“The more such drives continue, the more the Awami league, Jubo League, and Chhatra league leaders will be exposed,” BNP leader Nazrul Islam Khan was quoted as saying by the media.
Government ministers have started blaming the BNP — which last ruled the country from 2001 to 2006 — for the casino culture, often calling casino operators “infiltrators” into the Awami League fold.
Privately, some ruling party leaders admitted their ignorance about the drive and said they regretted that politics in Bangladesh no longer belongs to politicians.
Imtiaz said that casinos were under the surveillance of the authorities who, he said, missed no target during the crackdown.
“The timing was carefully chosen since there is no election issue now and what was allowed to happen is part and parcel of the accumulation of capital in a brute manner,” he said.
Around $6 billion was siphoned off from Bangladesh in a single year (2015), according to Washington-based Global Financial Integrity. In its index over the past two decades, Berlin-based Transparency International has ranked Bangladesh as one of the world’s most corrupt countries.
Moneyed men aligned with the ruling party are made top officials at government sports bodies, while some Jubo League leaders captured influential positions at various sporting clubs that were used for casinos.
“Had there been proper elections at the clubs, this situation would not have been created. Government-nominated persons are now leading various organizations,” argued journalist Syed Abul Maksud, voicing doubts over whether all those involved in the casino business would be caught as, he argued, the clubs are “only a small part of an overall picture” of Bangladeshi society.
These leaders having muscle and money as well as administration officials played a critical role in the December 2018 general elections that kept the party in power with a more than three-fourths majority, following another one-sided victory at the polls in 2014. The BNP-led opposition parties, which collectively secured fewer than 10 seats in the 300-member parliament, rejected the ballot as utterly rigged and farcical.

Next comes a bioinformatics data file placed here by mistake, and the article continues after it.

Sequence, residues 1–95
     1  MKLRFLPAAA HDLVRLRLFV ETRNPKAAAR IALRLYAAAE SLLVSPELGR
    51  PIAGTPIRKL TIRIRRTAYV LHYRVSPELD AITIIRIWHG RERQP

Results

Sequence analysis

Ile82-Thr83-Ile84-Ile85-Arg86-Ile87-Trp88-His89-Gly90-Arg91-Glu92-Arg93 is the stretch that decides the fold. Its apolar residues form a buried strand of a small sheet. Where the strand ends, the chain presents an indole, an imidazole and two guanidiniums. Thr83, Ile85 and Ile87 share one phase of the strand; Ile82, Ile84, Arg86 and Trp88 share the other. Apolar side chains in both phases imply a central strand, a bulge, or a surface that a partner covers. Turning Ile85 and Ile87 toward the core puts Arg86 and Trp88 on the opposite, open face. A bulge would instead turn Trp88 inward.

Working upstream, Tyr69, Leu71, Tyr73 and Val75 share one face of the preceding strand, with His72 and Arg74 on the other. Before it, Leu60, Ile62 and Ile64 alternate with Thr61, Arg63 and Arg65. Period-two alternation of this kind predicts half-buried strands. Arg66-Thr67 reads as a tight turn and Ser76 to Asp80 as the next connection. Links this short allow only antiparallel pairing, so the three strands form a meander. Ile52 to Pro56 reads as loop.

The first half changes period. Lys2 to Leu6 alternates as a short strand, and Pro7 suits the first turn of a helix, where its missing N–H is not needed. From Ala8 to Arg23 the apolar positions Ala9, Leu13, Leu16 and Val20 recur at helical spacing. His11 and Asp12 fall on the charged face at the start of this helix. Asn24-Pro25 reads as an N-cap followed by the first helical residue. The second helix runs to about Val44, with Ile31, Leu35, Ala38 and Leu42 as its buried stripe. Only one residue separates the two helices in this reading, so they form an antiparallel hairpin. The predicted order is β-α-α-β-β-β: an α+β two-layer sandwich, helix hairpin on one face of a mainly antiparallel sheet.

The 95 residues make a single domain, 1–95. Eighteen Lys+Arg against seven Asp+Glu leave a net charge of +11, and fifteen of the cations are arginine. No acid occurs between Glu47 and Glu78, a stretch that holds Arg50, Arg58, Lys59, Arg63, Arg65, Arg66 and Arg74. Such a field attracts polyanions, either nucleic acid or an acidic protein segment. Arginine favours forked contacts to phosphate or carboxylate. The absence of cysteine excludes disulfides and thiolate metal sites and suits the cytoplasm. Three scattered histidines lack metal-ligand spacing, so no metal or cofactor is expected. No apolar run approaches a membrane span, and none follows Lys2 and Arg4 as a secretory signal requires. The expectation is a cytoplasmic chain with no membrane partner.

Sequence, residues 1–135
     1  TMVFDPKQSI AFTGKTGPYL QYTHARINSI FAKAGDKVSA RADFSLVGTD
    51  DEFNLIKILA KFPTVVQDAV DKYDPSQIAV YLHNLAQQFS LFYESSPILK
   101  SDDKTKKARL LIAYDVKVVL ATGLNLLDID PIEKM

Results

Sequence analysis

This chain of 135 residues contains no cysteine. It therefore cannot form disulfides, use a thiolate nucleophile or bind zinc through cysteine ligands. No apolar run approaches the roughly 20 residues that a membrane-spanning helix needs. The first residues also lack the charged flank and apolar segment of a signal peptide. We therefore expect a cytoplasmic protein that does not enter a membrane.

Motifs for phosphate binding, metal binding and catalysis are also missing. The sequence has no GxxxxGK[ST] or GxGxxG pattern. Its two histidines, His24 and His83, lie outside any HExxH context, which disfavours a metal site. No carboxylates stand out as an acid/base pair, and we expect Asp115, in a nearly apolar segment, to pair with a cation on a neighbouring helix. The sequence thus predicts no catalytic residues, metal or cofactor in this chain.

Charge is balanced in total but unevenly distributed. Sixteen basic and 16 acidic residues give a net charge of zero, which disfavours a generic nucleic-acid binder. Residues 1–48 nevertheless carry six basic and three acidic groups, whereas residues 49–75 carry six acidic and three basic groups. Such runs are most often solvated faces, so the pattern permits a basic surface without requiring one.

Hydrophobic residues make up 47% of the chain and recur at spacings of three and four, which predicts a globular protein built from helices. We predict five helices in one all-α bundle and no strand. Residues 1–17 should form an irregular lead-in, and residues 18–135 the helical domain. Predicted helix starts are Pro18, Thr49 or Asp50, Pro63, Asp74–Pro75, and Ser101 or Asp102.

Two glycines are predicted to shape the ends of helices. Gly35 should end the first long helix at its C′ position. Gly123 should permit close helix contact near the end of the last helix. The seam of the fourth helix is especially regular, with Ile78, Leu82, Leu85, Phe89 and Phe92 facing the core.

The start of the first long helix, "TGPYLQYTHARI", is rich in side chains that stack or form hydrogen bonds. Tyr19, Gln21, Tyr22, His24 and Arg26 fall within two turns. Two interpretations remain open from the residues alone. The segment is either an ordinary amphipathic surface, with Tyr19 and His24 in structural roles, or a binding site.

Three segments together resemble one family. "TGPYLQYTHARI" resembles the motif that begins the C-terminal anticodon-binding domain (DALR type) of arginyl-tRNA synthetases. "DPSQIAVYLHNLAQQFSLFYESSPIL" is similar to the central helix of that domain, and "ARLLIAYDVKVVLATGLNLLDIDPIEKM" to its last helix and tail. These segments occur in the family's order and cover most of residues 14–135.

In her address to the nation after formation of the government in January, Prime Minister Hasina said people from all walks of life, from businesspeople to doctors, and former bureaucrats to writer/journalists, had supported her party during the election campaign.
“When people from almost all echelons and professions express their support for a party, that party cannot be stopped in any way,” she added.
According to reports published on Sept. 20, the prime minister said her government targeted youth front leaders after taking action against the student leaders.
There is no discussion of how the latest situation was created, who patronized these elements to break the law and commit corruption, under what kind of political circumstances it has been possible, and why the people tolerated this situation.
Raising such questions in an article published by a Bangladeshi daily, Ali Riaz, a professor at Illinois University in the U.S., argued that absence of any debate on critical issues of the growth of casinos in the media as a whole gives “indications of something different,” an atmosphere that some find lacking in freedom, or stifled by self-censorship.
[The writer, a journalist based in Bangladesh’s capital Dhaka, is the winner of the UN Millennium Development Goals Award, Developing Asia Journalism Award, and WFP Award. He has master’s degrees in both journalism and international relations.]
* Opinions expressed in this article are the author’s own and do not necessarily reflect the editorial policy of Anadolu Agency.